5 Steps to Staying Healthy This Holiday Season

Yikes! The holidays are here!

According to a new study, Americans typically gain a small amount of weight around Thanksgiving and then a bit more around Christmas.i The researchers estimate that it takes about 5 months to lose those holiday pounds. Rather than starting the New Year with a resolution, this year resolve to eat and live healthfully throughout the holidays to start the year without extra pounds. Get started with these five steps to avoiding holiday weight gain.

Focus on the meaning of the season.

It goes without saying that holidays and holiday parties aren’t all about the food. The season is full of a variety of parties. Some are more social gatherings where it can be easier to mingle while avoiding overeating. Others means sitting in the kitchen or by the buffet table where it can be hard to ignore the wonderful wafting smells. Make an extra effort to reduce the amount you eat and drink and focus more on the conversation and the festivities. Donate your time to help someone less fortunate also enjoy the holidays. Even baking cookies takes on new meaning when you deliver those cookies and a basket of fruit to a homeless shelter.

Be choosy.

Of course, food really does matter. But be choosy and indulge only in those foods that have special meaning and taste fabulous. If it isn’t awesome, there’s no good reason to eat indulgent foods. If you love holiday pies, enjoy some. But skip the brownies, cheesecake and other treats that don’t scream delicious and holiday to you. And just because you’ve always had holiday cookies or candies sitting out, doesn’t mean that you need to continue that tradition. Find another way to add to the festive atmosphere.

Think small.

Portion control may be your most important strategy. Nearly any food can fit if your portion is small enough. Use small plates. Avoid second helpings. Prepare mini muffins and small cookies, and bake starchy casseroles in muffin tins or individual ramekins.

Make substitutions.

You have lots of control over your food when you’re in charge of the cooking. For example, by swapping out part of the sugar in pumpkin bread for sucralose or another sugar substitute and trading cream for milk in pies, you save lots of calories, added sugars and saturated fats. Below are other ideas for healthy swaps. With a little thought, you’ll find lots of ways to keep the taste and the feel of the holiday without hurting your health.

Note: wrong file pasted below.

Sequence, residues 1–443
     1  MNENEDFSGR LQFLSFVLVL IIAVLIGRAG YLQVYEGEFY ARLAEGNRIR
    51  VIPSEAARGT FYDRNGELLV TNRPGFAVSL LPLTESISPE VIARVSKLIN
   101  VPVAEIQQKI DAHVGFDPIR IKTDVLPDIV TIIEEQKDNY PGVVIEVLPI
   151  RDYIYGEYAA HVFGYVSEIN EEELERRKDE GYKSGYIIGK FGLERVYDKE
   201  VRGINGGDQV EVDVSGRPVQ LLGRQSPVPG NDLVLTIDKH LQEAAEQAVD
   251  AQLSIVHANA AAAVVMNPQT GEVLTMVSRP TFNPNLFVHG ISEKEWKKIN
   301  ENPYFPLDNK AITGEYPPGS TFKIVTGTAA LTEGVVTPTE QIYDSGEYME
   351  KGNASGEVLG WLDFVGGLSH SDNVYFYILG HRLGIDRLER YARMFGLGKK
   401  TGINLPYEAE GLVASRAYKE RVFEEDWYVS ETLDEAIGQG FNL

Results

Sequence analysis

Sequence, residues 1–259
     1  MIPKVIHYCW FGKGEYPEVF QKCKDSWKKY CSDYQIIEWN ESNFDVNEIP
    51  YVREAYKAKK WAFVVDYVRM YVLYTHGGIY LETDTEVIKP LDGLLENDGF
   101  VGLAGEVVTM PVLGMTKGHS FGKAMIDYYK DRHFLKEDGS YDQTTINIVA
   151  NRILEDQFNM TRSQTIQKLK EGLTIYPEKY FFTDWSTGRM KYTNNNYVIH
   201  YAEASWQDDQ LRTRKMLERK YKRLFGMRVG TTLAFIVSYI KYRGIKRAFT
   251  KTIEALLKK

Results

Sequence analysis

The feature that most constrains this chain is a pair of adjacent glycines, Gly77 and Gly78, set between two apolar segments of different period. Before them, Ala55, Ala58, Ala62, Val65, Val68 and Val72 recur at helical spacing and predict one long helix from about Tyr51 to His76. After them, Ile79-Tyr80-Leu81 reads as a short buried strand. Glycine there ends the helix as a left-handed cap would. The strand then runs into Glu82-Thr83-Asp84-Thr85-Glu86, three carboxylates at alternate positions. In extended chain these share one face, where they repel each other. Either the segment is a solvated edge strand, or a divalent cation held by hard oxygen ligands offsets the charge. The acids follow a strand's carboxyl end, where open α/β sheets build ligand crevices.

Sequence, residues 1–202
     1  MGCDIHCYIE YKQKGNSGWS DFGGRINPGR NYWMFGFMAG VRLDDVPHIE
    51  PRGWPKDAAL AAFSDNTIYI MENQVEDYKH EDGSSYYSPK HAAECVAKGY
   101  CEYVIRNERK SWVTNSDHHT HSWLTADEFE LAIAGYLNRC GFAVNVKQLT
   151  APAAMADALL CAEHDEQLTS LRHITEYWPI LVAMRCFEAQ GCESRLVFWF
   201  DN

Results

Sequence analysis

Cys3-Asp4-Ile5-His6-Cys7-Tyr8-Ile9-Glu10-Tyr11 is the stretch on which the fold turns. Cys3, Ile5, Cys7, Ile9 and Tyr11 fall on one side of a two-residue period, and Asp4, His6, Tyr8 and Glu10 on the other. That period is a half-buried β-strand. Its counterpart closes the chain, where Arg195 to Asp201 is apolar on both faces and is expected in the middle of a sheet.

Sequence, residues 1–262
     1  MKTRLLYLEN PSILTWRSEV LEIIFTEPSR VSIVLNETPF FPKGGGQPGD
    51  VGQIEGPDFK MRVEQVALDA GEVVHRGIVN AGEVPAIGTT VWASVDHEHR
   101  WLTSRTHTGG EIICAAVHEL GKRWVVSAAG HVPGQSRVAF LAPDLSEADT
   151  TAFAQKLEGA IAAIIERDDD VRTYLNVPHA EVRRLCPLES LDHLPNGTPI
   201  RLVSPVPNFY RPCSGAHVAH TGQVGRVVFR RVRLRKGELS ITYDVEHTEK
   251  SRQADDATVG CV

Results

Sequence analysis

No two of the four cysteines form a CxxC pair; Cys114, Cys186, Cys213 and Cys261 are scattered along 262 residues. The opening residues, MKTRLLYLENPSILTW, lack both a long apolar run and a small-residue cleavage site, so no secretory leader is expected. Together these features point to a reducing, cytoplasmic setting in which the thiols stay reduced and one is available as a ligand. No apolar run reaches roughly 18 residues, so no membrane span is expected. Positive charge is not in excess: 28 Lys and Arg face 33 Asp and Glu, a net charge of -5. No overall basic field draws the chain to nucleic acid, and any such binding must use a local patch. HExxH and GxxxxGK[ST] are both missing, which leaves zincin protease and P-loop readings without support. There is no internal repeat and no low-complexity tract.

Food Instead of This Use This
Stuffing Butter Canola oil and chicken broth
Pork sausage Lean turkey sausage
Cranberry sauce Sugar Low calorie sweetener or a combination of sugar and low calorie sweetener
Gravy Full pan drippings Pan dripping skimmed of fat
Holiday drinks Egg nog Soy nog
Holiday punch Holiday sparkler with sparkling water or diet lemon-lime soda
Pie 2 crusts Single crust or try pumpkin custard without a crust at all
Baked goods Butter Canola or olive oil (sub 3 tablespoons oil for 4 tablespoons butter)

Celebrate with active activities.

For many people, the holiday season involves shopping. It can be less frustrating to park in a well-lit space far away from the entrance instead of circling the parking lot to look for a space. This can help you add extra steps to your day while reducing your stress. Instead of sitting around the TV watching one holiday movie after another and digging into platters of holiday treats, engage your family and friends in active holiday activities. Play a game of kickball, walk a nearby neighborhood to scout out the best decorations, volunteer to clean up after a party or hang an elderly neighbor’s holiday lights. There are so many ways to move instead of eat. And don’t forget to continue your regular exercise routine. Even if you have to cut it short, keep your usual time for walking, jogging or other exercise. The structure will help you now and make it easier later to return to your regular schedule.

Most of all, be mindful of your choices. Celebrate good health and enjoy the holidays!

[i] Helander et al. Weight Gain Over the Holidays in Three Countries. N Engl J Med 2016; 375:1200-1202 September 22, 2016 DOI: 10.1056/NEJMc1602012 http://www.nejm.org/doi/full/10.1056/NEJMc1602012 



Jill Weisenberger, MS, RDN, CDE, FAND has worked as both a nutrition counselor and a diabetes educator in the hospital and research settings, and now in private practice in Newport News, VA. Jill is the author of Diabetes Weight Loss – Week by Week and two upcoming books, The Overworked Person’s Guide to Better Nutrition and 21 Things You Need to Know about Diabetes and Your Heart. She is a member of the Academy of Nutrition and Dietetics, the American Association of Diabetes Educators and the American Diabetes Association. Jill is a paid contributor to Sucralose.org. Follow Jill on Twitter @NutritionJill and find more at www.JillWeisenberger.com.

Items of Interest

December 20, 2016 Lifestyle Advice